Bariatric surgery helps in weight loss by restricting diet and mal-absorption of ingested food plus some hormonal changes reducing appetite. Dietary modification and following a healthy lifestyle after the surgery are equally important. Weight loss is gradual over 1-2 years and depends on many factors including individual compliance to dietary modifications. Continuous follow-up is required for the best results.

Myth #4: You should eat whatever you want now since you’ll be on a restricted diet after Bariatric surgery.

It’s much better to start getting used to your post-surgery diet before you have the operation. This helps you lose some weight beforehand and lessens your risk of complications. Plus, you’ll be better prepared psychologically for the diet changes that are coming up. Patients are typically placed on a liquid diet for a period of time prior to the surgery anyway, so that “last meal” of the night before just isn’t going to happen.

Myth #5: You will become very thin or physically weak after Bariatric surgery.

Most patients do not lose all of their excess weight. Excess weight is calculated by estimating the ideal weight for a particular height of a patient. Losing just 50 percent of excess weight and keeping it off is considered as a success story. So, a patient who is 50 kgs overweight before the surgery might only be 20 kgs overweight after they finish losing weight. That’s still going to be overweight in the eyes of most people. Plus, your skin isn’t necessarily going to tone up and be free of drooping after weight loss. However, the health benefits in reducing weight-related problems like Sleep apnea often occur even in patients who don’t lose all the weight they would like.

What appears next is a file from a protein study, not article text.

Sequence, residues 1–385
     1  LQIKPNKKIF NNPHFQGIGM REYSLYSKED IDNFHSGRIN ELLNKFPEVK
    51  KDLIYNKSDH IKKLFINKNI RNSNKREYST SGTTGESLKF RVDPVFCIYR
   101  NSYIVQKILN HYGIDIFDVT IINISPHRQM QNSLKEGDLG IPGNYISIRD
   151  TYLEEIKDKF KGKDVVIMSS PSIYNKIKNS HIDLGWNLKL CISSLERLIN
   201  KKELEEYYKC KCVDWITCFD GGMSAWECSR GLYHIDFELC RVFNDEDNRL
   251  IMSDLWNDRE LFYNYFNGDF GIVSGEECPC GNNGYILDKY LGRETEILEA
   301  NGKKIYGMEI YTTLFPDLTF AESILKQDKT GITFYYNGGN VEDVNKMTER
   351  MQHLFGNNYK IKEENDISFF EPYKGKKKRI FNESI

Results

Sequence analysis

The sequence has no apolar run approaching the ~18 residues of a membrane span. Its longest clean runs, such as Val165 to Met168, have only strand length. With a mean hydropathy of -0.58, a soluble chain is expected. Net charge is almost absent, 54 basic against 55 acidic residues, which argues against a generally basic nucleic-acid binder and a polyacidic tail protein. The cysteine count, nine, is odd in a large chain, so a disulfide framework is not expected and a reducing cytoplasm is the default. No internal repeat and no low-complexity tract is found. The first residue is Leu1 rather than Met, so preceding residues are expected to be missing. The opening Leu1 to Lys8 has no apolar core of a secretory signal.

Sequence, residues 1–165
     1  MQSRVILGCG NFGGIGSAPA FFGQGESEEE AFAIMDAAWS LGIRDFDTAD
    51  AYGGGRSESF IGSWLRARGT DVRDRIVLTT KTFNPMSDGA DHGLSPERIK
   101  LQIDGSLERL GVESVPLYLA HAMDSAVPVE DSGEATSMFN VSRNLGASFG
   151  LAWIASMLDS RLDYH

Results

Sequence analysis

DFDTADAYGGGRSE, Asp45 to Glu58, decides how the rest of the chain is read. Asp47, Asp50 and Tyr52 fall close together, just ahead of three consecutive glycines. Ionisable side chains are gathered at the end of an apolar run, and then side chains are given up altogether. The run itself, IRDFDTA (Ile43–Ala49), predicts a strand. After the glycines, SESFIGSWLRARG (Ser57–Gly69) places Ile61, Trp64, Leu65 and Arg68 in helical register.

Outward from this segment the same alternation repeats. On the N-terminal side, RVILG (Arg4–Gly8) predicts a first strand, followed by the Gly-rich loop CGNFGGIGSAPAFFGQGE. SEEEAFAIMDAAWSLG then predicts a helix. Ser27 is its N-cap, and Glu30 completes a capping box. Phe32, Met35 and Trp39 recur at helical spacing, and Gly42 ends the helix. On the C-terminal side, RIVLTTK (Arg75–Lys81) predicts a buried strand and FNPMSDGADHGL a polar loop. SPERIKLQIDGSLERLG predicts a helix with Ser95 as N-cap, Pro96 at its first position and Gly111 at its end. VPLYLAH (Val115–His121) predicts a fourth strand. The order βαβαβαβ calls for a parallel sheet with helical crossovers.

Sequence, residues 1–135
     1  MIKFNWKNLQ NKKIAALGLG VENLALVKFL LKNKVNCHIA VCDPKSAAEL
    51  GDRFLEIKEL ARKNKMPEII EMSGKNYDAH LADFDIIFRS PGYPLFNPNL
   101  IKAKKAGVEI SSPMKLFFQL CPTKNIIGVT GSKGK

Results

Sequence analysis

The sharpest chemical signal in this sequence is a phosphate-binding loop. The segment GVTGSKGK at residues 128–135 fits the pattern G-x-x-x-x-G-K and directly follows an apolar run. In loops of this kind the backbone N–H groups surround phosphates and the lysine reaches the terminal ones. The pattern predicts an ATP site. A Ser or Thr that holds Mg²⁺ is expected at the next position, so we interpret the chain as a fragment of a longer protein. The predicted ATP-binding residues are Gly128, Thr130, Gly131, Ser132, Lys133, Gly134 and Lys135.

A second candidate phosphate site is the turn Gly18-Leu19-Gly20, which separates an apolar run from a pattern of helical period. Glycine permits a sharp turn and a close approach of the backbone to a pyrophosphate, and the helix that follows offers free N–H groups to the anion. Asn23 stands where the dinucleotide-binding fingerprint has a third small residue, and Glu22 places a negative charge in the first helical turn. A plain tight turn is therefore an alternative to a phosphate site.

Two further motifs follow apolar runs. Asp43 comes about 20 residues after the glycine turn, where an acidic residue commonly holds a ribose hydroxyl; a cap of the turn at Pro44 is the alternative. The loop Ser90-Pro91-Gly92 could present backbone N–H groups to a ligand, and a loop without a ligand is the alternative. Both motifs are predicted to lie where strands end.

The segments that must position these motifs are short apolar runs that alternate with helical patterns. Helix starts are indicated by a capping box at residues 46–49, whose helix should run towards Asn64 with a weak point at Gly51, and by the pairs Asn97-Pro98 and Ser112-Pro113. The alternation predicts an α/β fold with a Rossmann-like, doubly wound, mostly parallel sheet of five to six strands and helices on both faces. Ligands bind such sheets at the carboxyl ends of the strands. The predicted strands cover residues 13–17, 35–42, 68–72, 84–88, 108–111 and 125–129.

Myth #6: Weight loss from Bariatric surgery is permanent.

Unfortunately, even this one is not true. In fact, some regain is likely. A patient might lose 70 kgs and gain back 15 kgs to 25 kgs. Part of this is simply the body adjusting to the “new norm” and learning to store fat even on a very restricted diet. In the best case, some of the gains might be muscle from getting more exercise. At other times, a patient’s failure to adhere to the post-surgery lifestyle recommendations plays a role.